Architecture versus design

Been re-reading Len Fehskens’ presentation “Re-thinking architecture” [may require login] at the last TOGAF enterprise architecture practitioners conference in Munich. His intro [public] indicates at last a fundamental shift in thinking about enterprise architecture, away from the inane IT-centric world towards a real architecture of the enterprise:

Most thinking about IT architecture as a discipline has been shaped by the ideas of the software architecture community, which in turn grew out of the software engineering and structured programming initiatives of the late ’60s and early ’70s.  Increasingly, though, IT architecture is less about programs and more about solutions and enterprises, of which software is only a part.  Does this shift in the focus of IT architecture require a corresponding shift in the way we think about architecture?  Many practicing solution and enterprise architects believe it does, and this session will re-examine the role of architecture from this perspective.

Gratifyingly, or perhaps worryingly, there were several slides which were all but identical in mood, if not content, to my own presentations at TOGAF Paris, eighteen months ago (“Unpacking TOGAF’s Phase B: business transformation, business architecture and business buy-in” – just discovered it’s not up on the Tetradian site, an oversight which I must remedy Real Soon Now 🙂 ) and at TOGAF Glasgow earlier this year (“Enterprise architecture and the service oriented enterprise” [PDF] – and that one is up on the Tetradian site!). He even included one slide which used exactly the same New Yorker cover to illustrate the limitations of an IT-centric perspective.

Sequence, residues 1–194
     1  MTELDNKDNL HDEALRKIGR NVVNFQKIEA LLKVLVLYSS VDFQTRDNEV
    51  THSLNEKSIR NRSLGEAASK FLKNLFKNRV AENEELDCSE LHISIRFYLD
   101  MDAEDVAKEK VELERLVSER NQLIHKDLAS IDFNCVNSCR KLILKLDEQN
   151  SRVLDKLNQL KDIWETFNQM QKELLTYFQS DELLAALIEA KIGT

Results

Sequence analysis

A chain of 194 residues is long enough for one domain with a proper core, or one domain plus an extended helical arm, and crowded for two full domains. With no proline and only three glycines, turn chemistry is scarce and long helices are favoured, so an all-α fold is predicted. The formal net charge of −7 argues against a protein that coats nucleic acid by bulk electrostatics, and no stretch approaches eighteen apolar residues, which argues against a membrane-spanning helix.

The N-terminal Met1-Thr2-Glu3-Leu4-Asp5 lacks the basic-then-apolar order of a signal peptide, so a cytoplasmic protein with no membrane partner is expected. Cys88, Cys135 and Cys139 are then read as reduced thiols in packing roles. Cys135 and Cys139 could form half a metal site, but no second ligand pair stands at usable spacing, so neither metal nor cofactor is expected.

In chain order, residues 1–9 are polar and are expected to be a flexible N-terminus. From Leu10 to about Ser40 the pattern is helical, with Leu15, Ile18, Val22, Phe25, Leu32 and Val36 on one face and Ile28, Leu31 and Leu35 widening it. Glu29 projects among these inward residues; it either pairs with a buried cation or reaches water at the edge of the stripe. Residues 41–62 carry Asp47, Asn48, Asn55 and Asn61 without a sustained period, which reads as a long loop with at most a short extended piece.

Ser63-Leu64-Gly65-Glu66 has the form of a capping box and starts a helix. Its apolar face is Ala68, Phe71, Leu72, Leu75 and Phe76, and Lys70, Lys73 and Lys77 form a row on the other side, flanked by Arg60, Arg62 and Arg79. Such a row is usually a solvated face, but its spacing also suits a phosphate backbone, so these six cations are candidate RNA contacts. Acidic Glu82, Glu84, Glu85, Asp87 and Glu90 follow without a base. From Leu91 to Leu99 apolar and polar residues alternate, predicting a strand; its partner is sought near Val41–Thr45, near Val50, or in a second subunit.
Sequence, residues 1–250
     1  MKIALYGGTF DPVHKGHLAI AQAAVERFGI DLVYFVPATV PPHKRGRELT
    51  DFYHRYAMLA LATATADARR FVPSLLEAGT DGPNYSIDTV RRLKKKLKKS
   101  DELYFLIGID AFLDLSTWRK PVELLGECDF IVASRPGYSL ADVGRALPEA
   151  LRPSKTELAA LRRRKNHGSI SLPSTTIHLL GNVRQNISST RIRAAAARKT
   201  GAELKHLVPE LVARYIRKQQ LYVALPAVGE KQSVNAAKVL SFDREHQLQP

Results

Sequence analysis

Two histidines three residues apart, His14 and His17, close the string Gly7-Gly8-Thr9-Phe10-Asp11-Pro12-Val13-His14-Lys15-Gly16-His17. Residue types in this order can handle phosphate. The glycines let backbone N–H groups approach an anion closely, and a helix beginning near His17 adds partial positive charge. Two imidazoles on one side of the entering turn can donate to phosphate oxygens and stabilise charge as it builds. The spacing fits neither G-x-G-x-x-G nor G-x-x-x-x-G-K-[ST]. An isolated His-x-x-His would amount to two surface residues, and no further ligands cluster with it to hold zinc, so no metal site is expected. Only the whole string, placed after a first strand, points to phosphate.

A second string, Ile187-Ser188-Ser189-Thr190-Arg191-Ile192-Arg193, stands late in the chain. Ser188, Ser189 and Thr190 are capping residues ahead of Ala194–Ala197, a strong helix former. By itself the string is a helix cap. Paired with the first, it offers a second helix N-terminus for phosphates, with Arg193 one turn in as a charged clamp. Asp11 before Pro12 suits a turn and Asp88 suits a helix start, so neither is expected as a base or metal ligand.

(Likewise Business Architecture lead Dave van Gelder’s intro to the session, and Open Group Fellow Walter Stahlecker’s presentation “The quest to apply architecture holistically” (summary and PDF [may require login]) often seemed to be echoing what I’d presented at those conferences and discussed with them in person: “…the implications of addressing architecture of an entire enterprise … possible adaptations of TOGAF for use with the whole enterprise…” and so on, with again some of the text and diagrams that could easily be said to be drawn from my previous presentations. Gratifying in one sense, yes, and all of them nice guys, earnest and honest and genuinely committed to what they do; yet it’s still a trifle galling that I didn’t get any acknowledgement for it at all. A passing reference to “builds on work by … the TOGAF Business Architecture Working Group”, perhaps, but that was it – a ‘working group’ which they’d offically excluded me from last year, and asked me to join this year, but then in effect asked me to pay them several thousand pounds to be ‘allowed’ to correct the disastrous mistakes in TOGAF’s design, and hadn’t bothered to contact me since. So yeah, I will admit I’m more than a bit miffed about it all: be nice to get some acknowledgement for all the work I’ve done, and even – though I’ll accept I ain’t holdin’ my breath for this – ‘twould be nice to actually be paid for some of it too… 🙁 Hey ho…)